Even a lot of professional web developers do this, which should drive home the point I’ve made elsewhere of web people != systems people (though systems people might be capable web developers). As of this writing Ubuntu doesn’t even field SELinux by default and their millions of users don’t get chewed up as easily as Windows folks do, but the majority use case for Ubuntu is not (and should not, imo) be server deployment. But why risk it when you have such a powerful security tool right in front of you? For the enterprise I just don’t find it prudent to abandon such a great and easy tool. That’s like choosing to not learn iptables — which some folks have also opted out of as well.

So, without further ado, here is the quick and dirty to get Drupal 7 working on a Fedora/CentOS/RHEL type OS with SELinux intact:

[Please note these instructions assume three things: 1) a completely fresh minimal install, 2) you have control of the server, and 3) you are able to execute commands as root or through sudo. Also note that I have removed foreign language setup from this, as I doubt anyone who reads my blog really needs Japanese but me.]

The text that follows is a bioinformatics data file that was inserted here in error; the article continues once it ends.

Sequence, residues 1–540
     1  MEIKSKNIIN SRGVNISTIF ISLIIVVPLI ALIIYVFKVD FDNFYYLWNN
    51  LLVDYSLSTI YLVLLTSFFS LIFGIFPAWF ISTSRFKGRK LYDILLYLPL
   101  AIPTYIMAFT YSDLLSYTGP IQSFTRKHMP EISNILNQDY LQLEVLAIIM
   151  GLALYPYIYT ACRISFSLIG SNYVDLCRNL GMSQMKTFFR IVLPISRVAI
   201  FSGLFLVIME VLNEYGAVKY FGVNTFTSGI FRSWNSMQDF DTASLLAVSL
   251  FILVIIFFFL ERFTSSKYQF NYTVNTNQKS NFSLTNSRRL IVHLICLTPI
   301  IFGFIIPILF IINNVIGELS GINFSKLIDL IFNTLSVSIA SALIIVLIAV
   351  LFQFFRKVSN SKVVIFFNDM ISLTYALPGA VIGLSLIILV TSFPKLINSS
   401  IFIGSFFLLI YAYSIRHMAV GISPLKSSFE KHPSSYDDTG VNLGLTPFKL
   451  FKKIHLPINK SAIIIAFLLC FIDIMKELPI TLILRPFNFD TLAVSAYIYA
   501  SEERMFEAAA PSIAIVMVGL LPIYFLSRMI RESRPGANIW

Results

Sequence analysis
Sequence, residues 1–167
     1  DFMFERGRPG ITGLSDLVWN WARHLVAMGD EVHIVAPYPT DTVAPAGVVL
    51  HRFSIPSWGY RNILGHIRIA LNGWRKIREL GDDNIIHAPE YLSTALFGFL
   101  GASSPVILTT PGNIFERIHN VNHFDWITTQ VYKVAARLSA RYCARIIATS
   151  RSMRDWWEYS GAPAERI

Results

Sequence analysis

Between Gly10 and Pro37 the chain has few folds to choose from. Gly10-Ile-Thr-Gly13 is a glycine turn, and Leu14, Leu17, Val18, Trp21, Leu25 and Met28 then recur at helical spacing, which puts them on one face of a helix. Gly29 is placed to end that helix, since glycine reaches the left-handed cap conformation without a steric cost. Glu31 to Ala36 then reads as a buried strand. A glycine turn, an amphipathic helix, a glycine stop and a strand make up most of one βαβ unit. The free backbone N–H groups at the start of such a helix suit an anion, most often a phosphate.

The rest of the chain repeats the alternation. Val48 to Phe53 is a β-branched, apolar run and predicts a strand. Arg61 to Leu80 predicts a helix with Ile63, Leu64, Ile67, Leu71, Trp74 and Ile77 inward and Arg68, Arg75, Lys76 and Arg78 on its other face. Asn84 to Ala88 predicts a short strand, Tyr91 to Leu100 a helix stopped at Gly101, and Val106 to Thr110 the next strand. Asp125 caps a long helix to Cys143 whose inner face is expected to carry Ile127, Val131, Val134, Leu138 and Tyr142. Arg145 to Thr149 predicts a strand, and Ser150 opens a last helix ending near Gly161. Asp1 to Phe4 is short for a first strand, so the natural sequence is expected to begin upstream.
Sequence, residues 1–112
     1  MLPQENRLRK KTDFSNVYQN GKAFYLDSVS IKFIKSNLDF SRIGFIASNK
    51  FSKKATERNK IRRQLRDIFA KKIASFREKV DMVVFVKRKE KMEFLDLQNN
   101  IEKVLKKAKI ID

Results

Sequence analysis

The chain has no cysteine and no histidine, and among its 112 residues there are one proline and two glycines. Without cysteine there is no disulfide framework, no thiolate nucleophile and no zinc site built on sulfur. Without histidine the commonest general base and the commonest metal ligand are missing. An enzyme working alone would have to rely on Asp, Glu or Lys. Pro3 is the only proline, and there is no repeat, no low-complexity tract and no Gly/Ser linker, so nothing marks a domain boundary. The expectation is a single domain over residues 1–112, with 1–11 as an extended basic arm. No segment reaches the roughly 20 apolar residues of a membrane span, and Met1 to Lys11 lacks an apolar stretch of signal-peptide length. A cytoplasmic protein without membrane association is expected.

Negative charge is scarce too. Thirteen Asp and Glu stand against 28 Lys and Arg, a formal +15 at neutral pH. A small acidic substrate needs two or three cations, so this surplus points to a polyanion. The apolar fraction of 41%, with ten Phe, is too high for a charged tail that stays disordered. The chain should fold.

[root@localhost]# yum install postgresql postgresql-server php-pgsql php-xml \
    php-pear php-devel gcc zlib-devel libcurl-devel make wget httpd php-mbstring
[root@localhost ~]# cd /var/www/html
[root@localhost html]# wget
[root@localhost html]# tar -zxf ./drupal-7.0.tar.gz
[root@localhost html]# mv drupal-7.0 drupal7
[root@localhost html]# cd drupal7
[root@localhost drupal7]# pecl install pecl_http
[root@localhost drupal7]# pecl install uploadprogress
[root@localhost drupal7]# echo > /etc/php.d/php_http.ini
[root@localhost drupal7]# echo  >> /etc/php.d/php_http.ini
[root@localhost drupal7]# service postgresql initdb